Everywhere you turn these days, some company seems to have a lotion, potion, powder, or “sure thing” to prevent dog ear infections.
As the pet parent to a floppy eared pooch for most of my adult life, I can attest to the power of keeping a dog’s ears clean as the best advice I can dispense in terms of preventing ear infections. It sounds like common sense, but there is no greater enemy to the dog’s ear canal than dirt, yeast, bacteria, and/or water.
What to Watch For
Dogs will often scratch or paw at their ear(s), rub their face or ear against the floor, and may even snap or attempt to bite in pain. Some dogs even become withdrawn or are less interested in playing. A friend of mine has a dog who ended up having a double ear ablation due to chronic ear infections. Said friend has a Cocker Spaniel with floppy ears, of course. Although the surgeries are costly and involved, she reports having a whole “new dog” with a renewed sense of life as a result.
Ear infections can manifest in a variety of ways.
Here are some of the common symptoms of a canine ear infection:
- Scratching of the ear or area around the ear
- Brown, yellow, or bloody discharge
- Odor in the ear
- Crusts or scabs on inside of the outer ear
- Hair loss around the ear
- Rubbing of the ear and surrounding area on the floor or furniture
- Head shaking or head tilt
- Loss of balance
- Unusual eye movements
- Walking in circles
- Hearing loss
Basic Ear Anatomy
A dog’s ear is very different from that of a human. Here’s a “dog ears for beginners” primer:
A dog’s ear consist of an outer, middle, and inner ear canal. Simple, right?
Outer Ear: The outer ear consists of the pinna (or ear flap) which can be stand upright (called a prick ear) or floppy, like in a Cocker Spaniel.
People have a very short ear canal, but dogs have a long and narrow ear canal. As the canal gets deeper, it bends at almost a 90 degree angle.
Middle Ear: As we get deeper into the ear, and this is where many ear infections occur in dogs, we meet the middle ear. It is separated from the outer ear canal by the tympanic membrane, better known as the eardrum.
Dog parents need to be extremely careful when cleaning a dog’s ear because the eardrum is extremely fragile. Any sort of trauma to it or untreated issues can cause major issues. The middle ear has 3 small bones in it along with the Eustachian tube that leads from the bulla to the back of the dog’s mouth.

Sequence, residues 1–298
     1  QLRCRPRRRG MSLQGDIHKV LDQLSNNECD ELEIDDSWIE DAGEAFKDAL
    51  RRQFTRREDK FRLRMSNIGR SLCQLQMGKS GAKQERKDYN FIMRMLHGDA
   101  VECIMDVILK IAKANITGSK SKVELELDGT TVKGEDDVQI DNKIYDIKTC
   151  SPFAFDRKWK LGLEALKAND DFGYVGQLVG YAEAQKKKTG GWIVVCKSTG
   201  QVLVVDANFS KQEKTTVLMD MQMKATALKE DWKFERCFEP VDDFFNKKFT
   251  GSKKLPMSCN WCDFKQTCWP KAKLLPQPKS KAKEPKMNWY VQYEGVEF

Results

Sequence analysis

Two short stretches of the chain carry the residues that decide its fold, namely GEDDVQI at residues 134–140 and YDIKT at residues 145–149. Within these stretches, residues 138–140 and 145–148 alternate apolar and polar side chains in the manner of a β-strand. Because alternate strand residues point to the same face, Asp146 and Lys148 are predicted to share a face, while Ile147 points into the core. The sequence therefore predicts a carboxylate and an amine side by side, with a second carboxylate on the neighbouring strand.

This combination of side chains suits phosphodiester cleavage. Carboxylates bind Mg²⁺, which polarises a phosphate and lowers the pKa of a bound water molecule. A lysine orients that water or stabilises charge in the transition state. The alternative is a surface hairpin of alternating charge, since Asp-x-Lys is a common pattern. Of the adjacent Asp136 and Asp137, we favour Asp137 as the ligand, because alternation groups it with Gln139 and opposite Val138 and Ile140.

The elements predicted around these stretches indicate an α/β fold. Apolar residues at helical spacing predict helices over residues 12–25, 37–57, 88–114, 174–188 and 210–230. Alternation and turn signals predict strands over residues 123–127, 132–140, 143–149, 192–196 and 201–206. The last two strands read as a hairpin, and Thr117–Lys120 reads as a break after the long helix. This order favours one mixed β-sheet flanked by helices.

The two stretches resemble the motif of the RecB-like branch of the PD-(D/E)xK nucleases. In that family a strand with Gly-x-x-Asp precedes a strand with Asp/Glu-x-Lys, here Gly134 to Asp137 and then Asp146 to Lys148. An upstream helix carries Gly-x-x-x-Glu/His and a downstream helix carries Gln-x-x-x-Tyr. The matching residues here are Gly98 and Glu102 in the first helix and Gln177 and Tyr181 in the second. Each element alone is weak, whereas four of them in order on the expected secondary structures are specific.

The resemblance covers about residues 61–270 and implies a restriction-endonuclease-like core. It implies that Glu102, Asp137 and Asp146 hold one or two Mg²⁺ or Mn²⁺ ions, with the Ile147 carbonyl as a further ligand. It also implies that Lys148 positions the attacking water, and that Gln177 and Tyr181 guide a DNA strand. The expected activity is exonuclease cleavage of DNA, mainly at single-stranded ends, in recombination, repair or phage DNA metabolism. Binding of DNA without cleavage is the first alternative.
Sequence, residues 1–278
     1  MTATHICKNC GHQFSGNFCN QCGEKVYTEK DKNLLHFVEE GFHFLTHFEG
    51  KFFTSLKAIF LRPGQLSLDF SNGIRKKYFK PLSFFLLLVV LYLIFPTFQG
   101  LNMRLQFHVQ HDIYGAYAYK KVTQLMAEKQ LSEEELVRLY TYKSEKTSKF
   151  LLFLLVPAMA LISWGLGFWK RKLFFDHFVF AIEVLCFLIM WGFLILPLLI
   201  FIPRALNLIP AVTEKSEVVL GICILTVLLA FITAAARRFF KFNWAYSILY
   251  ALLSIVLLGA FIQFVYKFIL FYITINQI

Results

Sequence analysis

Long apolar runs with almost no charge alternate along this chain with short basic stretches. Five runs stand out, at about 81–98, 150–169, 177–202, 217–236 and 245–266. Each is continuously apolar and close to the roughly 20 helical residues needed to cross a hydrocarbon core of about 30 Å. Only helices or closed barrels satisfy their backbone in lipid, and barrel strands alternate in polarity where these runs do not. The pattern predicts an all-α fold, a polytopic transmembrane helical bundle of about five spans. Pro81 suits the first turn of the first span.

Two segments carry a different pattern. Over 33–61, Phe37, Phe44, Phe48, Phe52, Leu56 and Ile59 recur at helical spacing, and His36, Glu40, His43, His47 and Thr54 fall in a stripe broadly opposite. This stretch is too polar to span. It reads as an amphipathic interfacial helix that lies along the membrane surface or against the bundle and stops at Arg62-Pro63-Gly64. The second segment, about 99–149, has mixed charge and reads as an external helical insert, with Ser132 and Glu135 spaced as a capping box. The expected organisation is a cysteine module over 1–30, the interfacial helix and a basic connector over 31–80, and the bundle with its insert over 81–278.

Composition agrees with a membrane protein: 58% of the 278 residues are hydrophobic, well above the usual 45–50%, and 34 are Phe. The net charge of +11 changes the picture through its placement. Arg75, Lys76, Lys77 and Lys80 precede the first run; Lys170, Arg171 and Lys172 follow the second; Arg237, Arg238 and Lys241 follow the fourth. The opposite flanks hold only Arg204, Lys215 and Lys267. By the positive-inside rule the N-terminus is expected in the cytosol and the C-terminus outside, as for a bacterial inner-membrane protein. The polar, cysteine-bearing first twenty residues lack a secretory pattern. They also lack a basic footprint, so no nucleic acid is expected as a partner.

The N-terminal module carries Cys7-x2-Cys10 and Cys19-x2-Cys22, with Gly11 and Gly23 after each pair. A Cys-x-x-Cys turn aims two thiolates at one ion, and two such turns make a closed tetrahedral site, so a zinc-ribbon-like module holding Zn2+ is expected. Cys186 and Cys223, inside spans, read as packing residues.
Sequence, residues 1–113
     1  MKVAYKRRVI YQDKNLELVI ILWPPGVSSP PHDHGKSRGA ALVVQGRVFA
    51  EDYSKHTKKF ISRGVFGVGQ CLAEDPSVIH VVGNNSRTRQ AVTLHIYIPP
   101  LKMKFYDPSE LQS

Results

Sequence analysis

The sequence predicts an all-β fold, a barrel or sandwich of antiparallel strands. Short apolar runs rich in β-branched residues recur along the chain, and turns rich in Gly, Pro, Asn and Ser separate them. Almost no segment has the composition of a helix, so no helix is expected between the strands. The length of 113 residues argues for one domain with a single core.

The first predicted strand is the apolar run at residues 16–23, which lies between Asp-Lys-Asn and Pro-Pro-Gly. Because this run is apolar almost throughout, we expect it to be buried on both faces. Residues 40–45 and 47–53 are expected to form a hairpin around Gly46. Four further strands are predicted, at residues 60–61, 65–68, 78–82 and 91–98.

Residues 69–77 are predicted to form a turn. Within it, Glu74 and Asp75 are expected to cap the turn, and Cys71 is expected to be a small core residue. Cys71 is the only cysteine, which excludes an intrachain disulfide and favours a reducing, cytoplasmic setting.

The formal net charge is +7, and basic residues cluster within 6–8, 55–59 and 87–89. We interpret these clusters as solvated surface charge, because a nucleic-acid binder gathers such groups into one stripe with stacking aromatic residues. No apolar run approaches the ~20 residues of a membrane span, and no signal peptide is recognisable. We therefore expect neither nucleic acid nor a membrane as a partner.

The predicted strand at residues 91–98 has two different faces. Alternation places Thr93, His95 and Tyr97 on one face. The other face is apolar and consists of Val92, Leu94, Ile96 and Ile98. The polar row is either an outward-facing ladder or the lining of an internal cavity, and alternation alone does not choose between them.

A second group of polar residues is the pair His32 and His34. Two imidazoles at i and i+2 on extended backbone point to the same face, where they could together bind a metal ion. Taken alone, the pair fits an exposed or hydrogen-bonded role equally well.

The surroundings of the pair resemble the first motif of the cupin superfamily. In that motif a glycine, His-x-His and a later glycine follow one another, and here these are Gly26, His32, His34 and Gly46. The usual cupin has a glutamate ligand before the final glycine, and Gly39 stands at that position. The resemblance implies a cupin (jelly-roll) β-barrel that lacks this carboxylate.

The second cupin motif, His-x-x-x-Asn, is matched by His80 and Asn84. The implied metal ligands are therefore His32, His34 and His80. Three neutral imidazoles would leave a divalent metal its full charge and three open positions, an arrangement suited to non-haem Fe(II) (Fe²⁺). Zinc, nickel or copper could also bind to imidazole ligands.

Inner Ear: The inner ear is deep and connects the nerves and balance/hearing centers with the dog’s brain.
This is what the inside of a dog’s ear looks like:
The inner side of the ear should look healthy and pink, like my dog’s, see?
Many of the above symptoms can also be a sign of other issues, so always seek veterinary care before taking it upon yourself to self diagnose a dog. Once your dog has been cleared by the veterinarian and is dubbed free of any ear issues, here is a Fidose of Reality list to keep dogs’ ears clean and free from infection.
Get to the Source of The Itch
Ear problems often are associated with food-based sensitivities and/or allergies. It is amazing how many dogs stop having ear issues when a food or environmental allergen is removed from their world.
This is the case with many skin issues in dogs. An ear issue is often indicative of some other sort of problem occurring with the body. Look at your dog’s diet, including treats. Consider a veterinary visit and/or consult with a dietitian for your dog.
A test that we tried and used here in our home is NutriScan, a test that based on saliva alone, tests for the most commonly ingested foods of dogs. You purchase this kit, you can do it at home or in your veterinarian’s office, and in a few weeks, the results are sent to you. From that point, you can put your dog on the right diet.
Figuring out what a dog is allergic or sensitive to is not an easy nor fast process. It may take months and trial and error to discover the culprits, but you must be persistent.
When food is involved, often times both ears are affected.
Take a Good Whiff